If you have questions about probate, it might be helpful to discuss these with a solicitor or your local Citizens Advice – find details for your local office in the phone book or on one of the following websites: citizensadvice.org.uk (England and Wales), cas.org.uk (Scotland) or citizensadvice.co.uk (Northern Ireland).

It’s important that the executors of the will understand their role and keep close family or friends up to date on the progress. If you’re likely to be left something in the will (you’re a beneficiary), remember that probate can take a long time. Try to make sure you have enough money in your own account to cover the first few weeks and months. Some money can be released early to pay for immediate costs, but it’s much easier to have your own funds.

You can find more information about wills and probate at gov.uk/wills-probate-inheritance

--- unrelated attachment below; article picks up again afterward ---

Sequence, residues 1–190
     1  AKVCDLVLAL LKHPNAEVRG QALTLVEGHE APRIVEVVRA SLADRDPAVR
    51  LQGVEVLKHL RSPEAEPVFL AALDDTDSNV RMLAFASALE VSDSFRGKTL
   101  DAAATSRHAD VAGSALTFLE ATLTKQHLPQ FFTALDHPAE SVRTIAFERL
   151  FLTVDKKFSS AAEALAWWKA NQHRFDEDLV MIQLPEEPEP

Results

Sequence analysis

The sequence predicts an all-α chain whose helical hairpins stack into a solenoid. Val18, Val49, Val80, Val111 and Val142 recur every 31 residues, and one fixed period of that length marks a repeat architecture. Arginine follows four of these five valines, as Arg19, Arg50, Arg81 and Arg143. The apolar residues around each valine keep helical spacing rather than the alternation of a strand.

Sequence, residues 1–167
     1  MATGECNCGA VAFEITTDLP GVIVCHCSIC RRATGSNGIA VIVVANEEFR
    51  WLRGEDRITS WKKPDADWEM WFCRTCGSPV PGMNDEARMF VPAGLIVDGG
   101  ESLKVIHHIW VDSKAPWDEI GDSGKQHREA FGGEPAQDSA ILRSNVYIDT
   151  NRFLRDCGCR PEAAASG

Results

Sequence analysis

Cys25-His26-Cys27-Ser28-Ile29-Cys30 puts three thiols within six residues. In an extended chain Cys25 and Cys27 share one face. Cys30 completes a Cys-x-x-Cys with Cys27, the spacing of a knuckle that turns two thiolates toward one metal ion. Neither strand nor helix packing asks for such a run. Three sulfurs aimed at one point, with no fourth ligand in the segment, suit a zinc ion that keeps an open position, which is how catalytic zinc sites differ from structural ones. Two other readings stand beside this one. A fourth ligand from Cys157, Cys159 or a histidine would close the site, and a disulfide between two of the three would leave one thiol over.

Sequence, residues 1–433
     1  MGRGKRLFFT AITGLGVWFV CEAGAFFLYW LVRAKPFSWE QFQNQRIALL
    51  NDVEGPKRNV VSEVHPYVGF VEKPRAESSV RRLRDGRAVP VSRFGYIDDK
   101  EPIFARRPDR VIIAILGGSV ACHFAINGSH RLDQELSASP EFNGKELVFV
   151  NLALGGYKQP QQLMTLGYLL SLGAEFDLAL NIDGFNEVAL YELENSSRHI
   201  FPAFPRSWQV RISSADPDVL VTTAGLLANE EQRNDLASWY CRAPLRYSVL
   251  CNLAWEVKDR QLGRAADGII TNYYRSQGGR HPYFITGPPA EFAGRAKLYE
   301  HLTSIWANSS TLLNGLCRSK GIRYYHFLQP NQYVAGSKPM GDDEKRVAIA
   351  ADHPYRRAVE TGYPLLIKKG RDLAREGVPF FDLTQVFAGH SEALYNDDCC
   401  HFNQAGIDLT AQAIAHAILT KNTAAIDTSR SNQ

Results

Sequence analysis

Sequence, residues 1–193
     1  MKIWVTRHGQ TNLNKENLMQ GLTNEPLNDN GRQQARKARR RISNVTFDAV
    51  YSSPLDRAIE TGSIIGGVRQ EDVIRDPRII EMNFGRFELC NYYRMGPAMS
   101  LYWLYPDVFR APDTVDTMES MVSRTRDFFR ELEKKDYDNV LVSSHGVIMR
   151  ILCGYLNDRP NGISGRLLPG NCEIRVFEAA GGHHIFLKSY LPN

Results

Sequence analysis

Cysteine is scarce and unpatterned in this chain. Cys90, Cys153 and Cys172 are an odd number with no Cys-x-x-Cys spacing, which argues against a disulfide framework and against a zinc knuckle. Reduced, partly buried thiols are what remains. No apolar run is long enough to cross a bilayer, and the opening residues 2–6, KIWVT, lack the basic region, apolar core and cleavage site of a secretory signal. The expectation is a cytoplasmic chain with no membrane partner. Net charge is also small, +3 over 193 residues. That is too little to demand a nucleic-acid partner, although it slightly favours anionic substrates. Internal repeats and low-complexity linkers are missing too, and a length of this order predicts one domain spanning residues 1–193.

Financial help

If your spouse or civil partner has died, you may be entitled to a Bereavement Payment or Bereavement Allowance. You may also be entitled to extra pension payments from your spouse or civil partner’s pension or National Insurance contributions.

If you live in England, Scotland or Wales, you can find out more at gov.uk/browse/benefits/bereavement If you live in Northern Ireland, contact your local Social Security Agency benefits office. To find it, visit dsdni.gov.uk You can also contact Macmillan’s Support Line on 0808 808 00 00.


Social media accounts

Your relative or friend may have one or more social media accounts, for example Facebook or Twitter. You may not be sure what you want to do with these accounts.

Some people want to close them, while others want to convert them into a memorialised account. There’s no hurry to do either. Take your time and look at the options when you feel ready. You can find information about closing accounts and converting them to memorialised accounts on most social media websites.

Back to After someone dies

At the time of the death

You may have a range of feelings after someone has died. It’s important to get help and support to know what to do.

Funeral arrangements

Funerals allow relatives and friends to get together to remember the person who has died and say goodbye to them.